29 REDES INALÁMBRICAS MIC 2009/2010 The MAC basics 29  CSMA/CA with binary exponential backoff  The protocol, at its minimum, consists of two frames: data and ack Point Coordination Function (PCF) Distributed Coordination Function (DCF) MAC Services without contention Services with contention DIFS PIFS SIFS Contention window defer access busy medium slot The 5 timing values: Slot time SIFS: short interframe space (< slot time) PIFS: PCF interframe space (=SIFS+1slot) DIFS: DCF interframe space (=SIFS+2slots) EIFS: extended interframe space The 5 timing values: Slot time SIFS: short interframe space (< slot time) PIFS: PCF interframe space (=SIFS+1slot) DIFS: DCF interframe space (=SIFS+2slots) EIFS: extended interframe space

30 REDES INALÁMBRICAS MIC 2009/2010 DCF example  The backoff intervals are chosen within the contention window. That is in the interval [0, CW]  The CW can vary between 31 slots (CWmin) and 1023 slots (CWmax)  CW increases after a failed transmission and re-initialized after a successful transmission 30 data wait B1 = 5 B2 = 15 data wait B1 = 25 B2 = 20 B1 and B2 are the backoff intervals in STA 1 and 2 CW = 31 B2 = 10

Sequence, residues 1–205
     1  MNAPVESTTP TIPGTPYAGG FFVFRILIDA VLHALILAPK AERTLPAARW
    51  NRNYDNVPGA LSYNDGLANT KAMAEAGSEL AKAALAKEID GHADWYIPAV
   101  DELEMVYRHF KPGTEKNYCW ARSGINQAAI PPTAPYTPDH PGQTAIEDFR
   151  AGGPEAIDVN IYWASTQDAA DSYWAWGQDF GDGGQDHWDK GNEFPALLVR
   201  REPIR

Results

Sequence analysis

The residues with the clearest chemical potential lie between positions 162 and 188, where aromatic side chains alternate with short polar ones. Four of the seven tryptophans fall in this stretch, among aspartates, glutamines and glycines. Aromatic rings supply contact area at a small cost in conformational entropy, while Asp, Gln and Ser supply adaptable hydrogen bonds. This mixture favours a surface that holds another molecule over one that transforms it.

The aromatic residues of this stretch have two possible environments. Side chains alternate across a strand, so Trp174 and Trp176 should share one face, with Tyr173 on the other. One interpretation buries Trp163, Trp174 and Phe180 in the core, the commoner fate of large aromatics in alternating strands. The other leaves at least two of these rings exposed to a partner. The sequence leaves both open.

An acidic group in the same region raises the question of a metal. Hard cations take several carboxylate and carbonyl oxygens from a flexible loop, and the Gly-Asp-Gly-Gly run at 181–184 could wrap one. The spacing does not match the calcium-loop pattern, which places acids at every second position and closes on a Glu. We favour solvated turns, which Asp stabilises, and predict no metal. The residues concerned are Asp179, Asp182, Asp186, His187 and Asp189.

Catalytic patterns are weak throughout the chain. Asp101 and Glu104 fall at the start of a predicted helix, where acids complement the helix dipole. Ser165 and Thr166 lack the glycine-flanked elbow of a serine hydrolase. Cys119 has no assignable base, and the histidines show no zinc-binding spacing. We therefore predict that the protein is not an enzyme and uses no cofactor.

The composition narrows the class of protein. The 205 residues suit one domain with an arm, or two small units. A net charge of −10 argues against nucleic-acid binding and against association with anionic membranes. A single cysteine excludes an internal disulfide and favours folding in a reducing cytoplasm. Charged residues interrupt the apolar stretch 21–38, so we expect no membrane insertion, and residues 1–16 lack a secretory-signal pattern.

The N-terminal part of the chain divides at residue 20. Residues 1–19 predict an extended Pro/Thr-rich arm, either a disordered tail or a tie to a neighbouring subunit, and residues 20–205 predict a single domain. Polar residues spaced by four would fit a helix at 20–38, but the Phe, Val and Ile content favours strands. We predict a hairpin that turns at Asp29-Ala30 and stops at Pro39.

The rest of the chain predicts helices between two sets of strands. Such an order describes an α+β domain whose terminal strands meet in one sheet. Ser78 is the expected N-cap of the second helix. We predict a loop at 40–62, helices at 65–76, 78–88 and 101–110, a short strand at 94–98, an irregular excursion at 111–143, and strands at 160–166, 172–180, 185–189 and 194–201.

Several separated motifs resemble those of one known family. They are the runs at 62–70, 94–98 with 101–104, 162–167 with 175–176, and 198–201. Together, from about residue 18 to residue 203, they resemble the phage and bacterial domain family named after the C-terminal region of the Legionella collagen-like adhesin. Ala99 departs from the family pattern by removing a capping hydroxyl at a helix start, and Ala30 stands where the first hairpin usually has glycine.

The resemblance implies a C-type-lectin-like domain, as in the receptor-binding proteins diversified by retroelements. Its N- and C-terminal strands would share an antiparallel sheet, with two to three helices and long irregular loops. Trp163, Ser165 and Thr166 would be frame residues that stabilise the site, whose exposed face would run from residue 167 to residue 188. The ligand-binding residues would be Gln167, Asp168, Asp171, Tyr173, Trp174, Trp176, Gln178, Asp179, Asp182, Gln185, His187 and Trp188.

31 REDES INALÁMBRICAS MIC 2009/2010 A couple of problematic configurations 31 Exposed nodeHidden node A B C A B C D

32 REDES INALÁMBRICAS MIC 2009/2010 Hidden nodes situations 32 The obstacle prevents MU1 and MU2 from hearing one another MU3 cannot hear MU1 or MU2 because of the distance

33 REDES INALÁMBRICAS MIC 2009/2010 RTS/CTS mechanism  Based on the network allocation vector (NAV) 33 RTS DIFS+contention CTS SIFS data ACK SIFS DIFS NAV (RTS) NAV (CTS) source destination Other STA defer access Contention window